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  • Writer's pictureAkshay Nayak

The Mark Of A Mature Investor

Most individuals today have a fair understanding of the basic tenets of sensible investing. But plain knowledge of these tenets alone would not be sufficient. Investors who are truly mature imbibe this knowledge to create an investment process that is characterised by balance and realism. This sets them apart from other investors around them. Therefore today I am going to talk about the traits that truly mature investors display in their investment process.


Mature investors begin by asking "How to invest?" instead of "Where to invest?". In other words they follow a process centric approach to their investing. They define their financial goals, inflation assumptions and return expectations first. Product selection becomes the final step of the process. They also ensure their inflation assumptions and return expectations are sensible. At the individual level, an inflation assumption of around 8% would be realistic. It accounts for lifestyle creep during the lifetime of the individual. To learn more about lifestyle creep, have a look at my earlier article It Creeps, And Can Kill.


Having sensible return expectations gives mature investors a realistic idea of how much they need to achieve their goals. They also assess portfolio on the basis of post tax real returns. Realistic long term post tax real return expectations from various asset classes are given in the graphic that follows.

Assuming headline inflation of 6%, we can expect a long term post tax return of 9% from equity and 7% from debt. Mature investors also understand that portfolio returns are completely different from asset class returns. And it is portfolio returns that actually matter. The return calculation on a portfolio with a 60-40 split between equity and debt is given in the graphic that follows.

Therefore assuming portfolio returns of 15%, 20% and so on would be grossly unrealistic. When planning for goals that are 10 or more years away, progressive derisking of the portfolio is vital. The equity allocation in the portfolio must be progressively reduced as the goal draws closer. An illustration of the same for a 15 year goal having a 60-40 split between equity and debt is given in the graphic that follows.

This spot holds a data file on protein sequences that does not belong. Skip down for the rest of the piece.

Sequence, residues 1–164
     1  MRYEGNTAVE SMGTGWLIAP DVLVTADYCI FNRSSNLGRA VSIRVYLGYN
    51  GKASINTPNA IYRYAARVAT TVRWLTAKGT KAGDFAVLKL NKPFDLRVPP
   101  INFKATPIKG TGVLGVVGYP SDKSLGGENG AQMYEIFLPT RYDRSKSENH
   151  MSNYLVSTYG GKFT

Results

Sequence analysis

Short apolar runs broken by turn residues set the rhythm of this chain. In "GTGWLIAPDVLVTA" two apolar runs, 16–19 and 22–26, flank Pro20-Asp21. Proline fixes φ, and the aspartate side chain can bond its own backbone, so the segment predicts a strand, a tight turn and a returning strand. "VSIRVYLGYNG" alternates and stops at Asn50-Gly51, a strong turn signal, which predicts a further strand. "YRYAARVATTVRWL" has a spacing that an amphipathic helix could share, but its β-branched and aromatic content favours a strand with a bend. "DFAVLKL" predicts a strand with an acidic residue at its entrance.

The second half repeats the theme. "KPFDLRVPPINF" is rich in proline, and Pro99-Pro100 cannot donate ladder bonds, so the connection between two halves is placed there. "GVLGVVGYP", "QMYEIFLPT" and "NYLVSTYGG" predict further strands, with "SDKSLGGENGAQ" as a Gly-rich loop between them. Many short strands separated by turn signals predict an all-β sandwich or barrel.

Therefore portfolio returns in later years to the deadline of the goal would reduce. Running with a singular return assumption throughout the tenure of the goal is naturally unrealistic.


The situation is similar when planning for retirement. A mature approach to retirement planning would assume that real portfolio returns (post tax portfolio return - inflation) post retirement is zero. This may sound conservative, but it is realistic. This means that we would need a corpus of at least 35 times current annual expenses at age 55 to be able to afford total retirement at age 55. It is the most viable way to ensure that we do not run out of money in retirement. Therefore retiring on the basis of thumb rules such as the 4% rule would be impractical.


Mature investors also do not give undue importance to the tax implications of their investments. They do plan their taxes, but do not obsess over it. They view tax implications as one factor when making investment decisions. They do not make taxes the central focus of their investment decisions. They understand that their tax payments would be insignificant relative to the sizeable wealth that can be created with the right investment products.


These are the traits that any investor who follows a mature approach to their money management would display. They follow an approach that is centered around prudence and pragmatism. All investors would therefore benefit from adopting such an approach to their money management.



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